Close air support for France’s transport fleet is a team effort between industry and the air force.
The French Air Force, the Atelier Industriel Aéronautique (AIA) – the principal centre for aircraft engine maintenance - and Rolls-Royce are working together to maintain France’s vital tactical airlift capability.
‘The C-130 has no use-by date,’ says Commandant Bonnétat who is responsible for looking after the C-130’s T56 engines at the air base, ‘and the kind of extreme conditions that it is encountering in Afghanistan are not new. They are similar to the ones we find in our African deployments in Chad, Gabon and Djibouti for example.’ As well as two variants of the C-130 operated by France – the ‘H’ and the five metre longer ‘H30’ – the T56 also equips the French Navy’s E-2C Hawkeye airborne early warning aircraft, AIA of Bordeaux also maintains and repairs these engines. Fifty-eight years after the first version was launched, over 16,000 Rolls-Royce T56 and 501 (commercial T56) engines have been produced, with nearly half of those still in service in a total of 70 countries.
Some squadrons also fly Tyne-powered Transalls, which will remain in service until 2018. The replacement of the Transalls with the new Airbus A400M military transport aircraft powered by the TP400 engine will further extend the long-term partnership that Rolls-Royce has had with the French Air Force for its strategic transport operations.
When the T56 engine needs on-wing maintenance, the air force mechanics are the first in action. ‘They have the basic level of responsibility for on-condition maintenance of the C-130H but they have zero stock of spare parts, that's AIA's responsibility, so we keep some parts here on site,’ Emmanuel says. ‘If the issue seems to be beyond the on-wing maintenance level then the AIA takes over, particularly if it emerges that we have to remove the engine from the aircraft.’
In order to be able to work independently on the T56, AIA had to get accreditation from Rolls-Royce. The ‘AMOF’ (Authorised Military Overhaul Facility) accreditation was awarded to the AIA in September 2007 after a stringent audit. There are only four such facilities worldwide. AMOF status means AIA is an Original Equipment Manufacturer repair centre and can completely overhaul the engine. Lt Colonel Kiert of AIA adds: ‘This AMOF was a very important step for us because it proved that we had the technical competence necessary to be able to carry out overhauls independently. It was the prelude to an important change in the maintenance of the C-130 in mid-2008, when we were charged with the global maintenance and supply of spare parts and spare engines. Before then we simply did what we were asked: the part would be sent to us and we were told what to do with it but since mid-2008 we have had a considerable rise in our level of responsibility. Without the extremely efficient support of Rolls-Royce we would not have managed.’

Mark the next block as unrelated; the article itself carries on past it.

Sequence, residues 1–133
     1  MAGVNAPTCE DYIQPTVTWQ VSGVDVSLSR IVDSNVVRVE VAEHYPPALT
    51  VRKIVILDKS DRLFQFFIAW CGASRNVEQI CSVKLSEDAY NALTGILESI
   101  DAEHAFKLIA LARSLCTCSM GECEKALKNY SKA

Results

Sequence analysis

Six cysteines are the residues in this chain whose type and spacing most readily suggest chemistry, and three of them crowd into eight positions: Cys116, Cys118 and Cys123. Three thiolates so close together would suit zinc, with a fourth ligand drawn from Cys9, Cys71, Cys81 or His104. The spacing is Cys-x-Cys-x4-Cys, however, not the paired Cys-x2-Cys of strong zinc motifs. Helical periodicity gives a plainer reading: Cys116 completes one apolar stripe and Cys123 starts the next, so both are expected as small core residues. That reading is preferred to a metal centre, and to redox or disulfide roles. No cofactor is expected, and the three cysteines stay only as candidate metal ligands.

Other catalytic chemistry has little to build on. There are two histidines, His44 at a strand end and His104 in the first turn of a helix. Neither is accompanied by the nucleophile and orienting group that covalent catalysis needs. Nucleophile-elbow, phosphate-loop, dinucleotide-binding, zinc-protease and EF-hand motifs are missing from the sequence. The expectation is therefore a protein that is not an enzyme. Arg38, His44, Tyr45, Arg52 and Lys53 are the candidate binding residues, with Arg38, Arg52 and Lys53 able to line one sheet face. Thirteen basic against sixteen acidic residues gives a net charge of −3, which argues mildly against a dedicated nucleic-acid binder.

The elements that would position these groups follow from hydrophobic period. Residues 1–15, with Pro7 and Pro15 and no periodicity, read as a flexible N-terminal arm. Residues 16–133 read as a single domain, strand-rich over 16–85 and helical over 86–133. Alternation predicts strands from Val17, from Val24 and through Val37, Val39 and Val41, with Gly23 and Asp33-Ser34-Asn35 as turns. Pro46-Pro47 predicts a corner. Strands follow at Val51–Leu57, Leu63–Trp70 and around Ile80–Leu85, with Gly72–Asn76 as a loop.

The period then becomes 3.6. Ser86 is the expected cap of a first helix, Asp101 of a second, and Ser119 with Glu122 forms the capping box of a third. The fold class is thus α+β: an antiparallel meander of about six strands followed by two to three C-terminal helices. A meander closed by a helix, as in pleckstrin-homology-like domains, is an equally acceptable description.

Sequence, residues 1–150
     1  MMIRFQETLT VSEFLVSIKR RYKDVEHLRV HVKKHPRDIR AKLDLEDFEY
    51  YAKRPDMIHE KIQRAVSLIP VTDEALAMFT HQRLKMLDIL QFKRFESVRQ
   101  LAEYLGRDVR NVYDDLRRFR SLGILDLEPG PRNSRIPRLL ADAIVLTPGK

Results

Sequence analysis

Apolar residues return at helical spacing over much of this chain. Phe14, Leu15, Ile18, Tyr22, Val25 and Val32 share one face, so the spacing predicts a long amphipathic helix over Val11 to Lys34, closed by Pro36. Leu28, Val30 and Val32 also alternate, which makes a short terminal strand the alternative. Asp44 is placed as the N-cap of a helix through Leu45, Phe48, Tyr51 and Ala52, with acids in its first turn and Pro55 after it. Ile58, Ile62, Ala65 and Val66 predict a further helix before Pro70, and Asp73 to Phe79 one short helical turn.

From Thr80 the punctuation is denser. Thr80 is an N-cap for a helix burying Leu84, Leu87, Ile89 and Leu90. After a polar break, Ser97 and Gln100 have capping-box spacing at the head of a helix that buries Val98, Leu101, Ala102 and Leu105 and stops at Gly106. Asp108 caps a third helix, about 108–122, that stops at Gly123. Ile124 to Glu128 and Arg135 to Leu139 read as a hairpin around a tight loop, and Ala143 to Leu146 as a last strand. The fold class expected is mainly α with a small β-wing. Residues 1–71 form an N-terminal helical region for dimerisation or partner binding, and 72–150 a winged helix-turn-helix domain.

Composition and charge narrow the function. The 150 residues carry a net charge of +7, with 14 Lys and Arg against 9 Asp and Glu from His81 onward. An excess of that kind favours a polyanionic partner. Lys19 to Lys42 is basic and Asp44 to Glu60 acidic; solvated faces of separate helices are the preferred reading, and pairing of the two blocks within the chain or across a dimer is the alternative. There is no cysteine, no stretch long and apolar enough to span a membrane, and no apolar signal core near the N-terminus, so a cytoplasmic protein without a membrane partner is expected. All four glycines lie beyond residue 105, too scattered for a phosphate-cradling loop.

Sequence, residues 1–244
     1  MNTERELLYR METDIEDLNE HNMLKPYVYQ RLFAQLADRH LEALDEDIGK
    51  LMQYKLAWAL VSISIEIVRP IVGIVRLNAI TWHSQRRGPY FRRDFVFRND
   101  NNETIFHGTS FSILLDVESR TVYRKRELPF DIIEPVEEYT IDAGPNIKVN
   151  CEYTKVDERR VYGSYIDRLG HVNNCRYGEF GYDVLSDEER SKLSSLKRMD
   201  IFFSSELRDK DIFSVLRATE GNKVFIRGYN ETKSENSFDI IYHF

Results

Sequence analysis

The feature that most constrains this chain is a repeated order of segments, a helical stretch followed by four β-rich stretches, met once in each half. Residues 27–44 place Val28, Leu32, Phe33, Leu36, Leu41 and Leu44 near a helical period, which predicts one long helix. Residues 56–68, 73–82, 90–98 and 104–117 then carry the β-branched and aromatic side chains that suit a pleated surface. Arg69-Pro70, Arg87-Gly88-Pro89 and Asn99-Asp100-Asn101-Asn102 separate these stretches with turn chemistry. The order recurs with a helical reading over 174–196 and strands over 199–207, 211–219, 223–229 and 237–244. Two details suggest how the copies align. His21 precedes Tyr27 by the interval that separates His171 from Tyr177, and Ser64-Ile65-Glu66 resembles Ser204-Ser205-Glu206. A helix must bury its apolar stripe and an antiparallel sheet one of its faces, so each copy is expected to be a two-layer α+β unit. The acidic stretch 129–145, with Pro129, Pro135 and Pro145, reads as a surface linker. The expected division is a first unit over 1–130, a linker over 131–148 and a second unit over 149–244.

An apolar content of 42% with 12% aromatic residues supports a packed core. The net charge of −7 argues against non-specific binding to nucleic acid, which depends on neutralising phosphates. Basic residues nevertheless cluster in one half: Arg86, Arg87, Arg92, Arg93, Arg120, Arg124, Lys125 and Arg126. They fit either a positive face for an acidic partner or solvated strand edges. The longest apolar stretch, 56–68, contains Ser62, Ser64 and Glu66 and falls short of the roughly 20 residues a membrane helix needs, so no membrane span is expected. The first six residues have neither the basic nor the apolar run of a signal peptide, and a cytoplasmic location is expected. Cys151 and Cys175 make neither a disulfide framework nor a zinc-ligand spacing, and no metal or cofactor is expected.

Rolls-Royce support included help in defining what spare parts the AIA needed to buy from exclusive distributor Aviall. Getting the quantity of spares right was crucial – if there are too many, money is tied up in inventory, and if there aren't enough the repairs cannot be undertaken in good time. ‘Rolls-Royce had the expertise to be able to advise us on the parts which we had to have in stock and our ambition is to function with the minimum stock possible,’ says Lt Colonel Kiert. In addition, Rolls-Royce also has a field service engineer based in Orléans-Bricy to provide day-to-day support.
‘When the AIA bought seven spare T56 engines Rolls-Royce ensured that we were able to source high quality engines despite the fact that the T56 series III is no longer manufactured,’ Lt Colonel Kiert says.
The French Air Force maintenance contract includes challenging availability targets. Emmanuel Lefer believes that to help meet these targets, his daily job here is to avoid removing the engine.
If the engine does need to be removed, then a quick engine change is performed with the engine, propeller and the casing taken off in one piece.
Once the engine arrives in Bordeaux, the teams strip it down and the parts are all cleaned and minutely checked for cracks. Decisions are taken as to which repairs are required and how these should be conducted.
An integral part of the Rolls- Royce/AIA partnership was the training provided for a small team of AIA technicians at the company’s training centre in Indianapolis. ‘The working atmosphere was really extraordinary,’ remarks Lt Colonel Kiert. At the end of 2010 the three most experienced technicians returned to Indianapolis to attend the two-week intensive and high-level ‘heavy programme’ training course aimed specifically at the T56 series III.
‘Regular meetings with the in-country Rolls-Royce team enable us to work through any potentially difficult situations and make for an extremely productive way to work. I've worked with quite a number of industrialists and I would put Rolls-Royce way above the others when it comes to concern for the client,’ he continued.
Thanks to the support team at AIA, the T56 seems likely to power through such challenges to ensure the air force’s mission critical operations continue whatever the challenges of the environment.